How Does the Public Look at VR and AR Today?

While Display Week is just ending and Infocomm coming up soon, there is no shortage on news about new displays and gadgets per se. To break away a little from the ‘news about new stuff’ cycle I was looking at the announcements about AR and VR. There are plenty of those going around every day, as these topics are on the mind of each analyst it seems (and Augmented World Expo was on in Santa Clara, which will have driven interest – Man. Ed. We’ll have a report for subscribers to Mobile Display Monitor, next week). Mostly they report on what great things the respective technology can do.

With the release of the Oculus Rift and Samsung VR, the momentum has definitely shifted towards VR. We hear a lot of announcements regarding other hardware solutions as well as applications that will revolutionize the way we live in the not so far future. As I scan that news on a daily basis, I was kind of convinced that the AR/ VR revolution has already started. However, talking to my family members that are not display aficionados, I realized that most normal people have no clue what this hype is all about.

To look a little deeper into this aspect of consumer interest, I turned towards the trusted Google Trends website, where you can see how often people have been searching for specific terms over the years. The website allows you to enter any term and shows you in a graph how often the specific term has been entered. You can also compare the search volume of terms by entering more than one term.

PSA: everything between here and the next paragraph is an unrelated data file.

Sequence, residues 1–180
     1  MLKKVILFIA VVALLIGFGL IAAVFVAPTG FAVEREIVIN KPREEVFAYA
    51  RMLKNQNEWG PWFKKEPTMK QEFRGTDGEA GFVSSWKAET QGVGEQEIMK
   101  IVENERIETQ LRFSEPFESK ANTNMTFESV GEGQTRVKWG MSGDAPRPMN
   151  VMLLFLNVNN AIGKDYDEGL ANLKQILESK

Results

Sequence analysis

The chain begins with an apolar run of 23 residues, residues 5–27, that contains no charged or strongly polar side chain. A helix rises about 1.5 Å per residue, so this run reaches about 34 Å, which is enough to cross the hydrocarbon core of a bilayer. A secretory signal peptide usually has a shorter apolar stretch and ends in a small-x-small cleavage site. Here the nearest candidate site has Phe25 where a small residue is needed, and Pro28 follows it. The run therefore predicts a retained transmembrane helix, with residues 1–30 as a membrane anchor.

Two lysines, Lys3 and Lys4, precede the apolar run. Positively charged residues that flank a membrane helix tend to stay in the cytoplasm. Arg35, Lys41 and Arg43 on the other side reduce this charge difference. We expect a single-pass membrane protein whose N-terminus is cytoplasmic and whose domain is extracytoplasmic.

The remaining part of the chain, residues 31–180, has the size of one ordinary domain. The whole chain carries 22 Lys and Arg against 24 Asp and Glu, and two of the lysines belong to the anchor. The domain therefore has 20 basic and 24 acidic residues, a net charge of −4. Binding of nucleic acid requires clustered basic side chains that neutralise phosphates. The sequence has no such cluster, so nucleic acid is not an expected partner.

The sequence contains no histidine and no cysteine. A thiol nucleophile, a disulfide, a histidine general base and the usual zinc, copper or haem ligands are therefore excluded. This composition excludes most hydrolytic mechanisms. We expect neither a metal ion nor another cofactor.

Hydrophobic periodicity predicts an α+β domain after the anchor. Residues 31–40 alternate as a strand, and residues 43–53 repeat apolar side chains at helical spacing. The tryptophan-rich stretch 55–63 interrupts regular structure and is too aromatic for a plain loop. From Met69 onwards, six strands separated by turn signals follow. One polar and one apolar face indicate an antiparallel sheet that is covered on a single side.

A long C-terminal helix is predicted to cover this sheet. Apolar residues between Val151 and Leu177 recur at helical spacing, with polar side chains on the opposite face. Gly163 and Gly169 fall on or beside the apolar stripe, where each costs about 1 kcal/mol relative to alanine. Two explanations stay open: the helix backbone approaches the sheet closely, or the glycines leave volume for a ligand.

“Augmented Reality” Search Frequency on Google

In the first graph I am comparing the search volume for the terms ‘augmented reality’ and ‘Google Glass’. As no surprise, the search for Google Glass outranks the search for augmented reality by far. A little bit of surprise was where these searches are coming from. Europe and Asia beat North America, which didn’t make it into the top seven. Based on shading you can get an idea who has the most interest in this specific term, the darker the data, the higher the interest.

A similar comparison of ‘virtual reality’ and ‘Oculus Rift’ produced the following chart.

Virtual Reality Searches on Google“Virtual Reality” Search Frequency* on Google

As one can see, the interest in the device is typically higher than for the underlying technology itself. As an interesting observation, we can see that the number of searches for virtual reality is rising sharply in 2016, something that never happened with augmented reality, even during its biggest hype cycle. Maybe there is something to the virtual reality revolution after all?

Looking at the global distribution, you can see that the interest for virtual reality is not so different from the search interest in augmented reality. In this case, the USA at least made it into the top seven, while the top places still go to European and Asian countries. In both cases China does not really show up strongly, however India does.

When we look at these charts we have to ask what this really means in terms of consumer interest. All the data are relative and show how search frequency compares between one term and another. However if we add a search term about something really successful in the CE market, this would give us a better idea of the market potential of AR and VR.

ARVR Versus TabletAR/VR Versus Tablet

This is exactly what the third chart shows. Nobody debates the commercial impact and success of the tablet. And just in case you wonder, the spikes line pretty much up with each December. Well, we know that the tablet is a typical holiday purchase item from the sales reports and the search frequency for the term ‘tablet’ confirms that there maybe a correlation between search frequency and commercial impact.

It also shows that augmented reality as well as virtual reality need to up their game by some orders of magnitude to catch up to the ‘tablet’. Based on these data, one would best describe the AR and VR revolution today as ‘Much ado about nothing’ as Shakespeare put it many centuries ago. And that was even without having Google around. – Norbert Hildebrand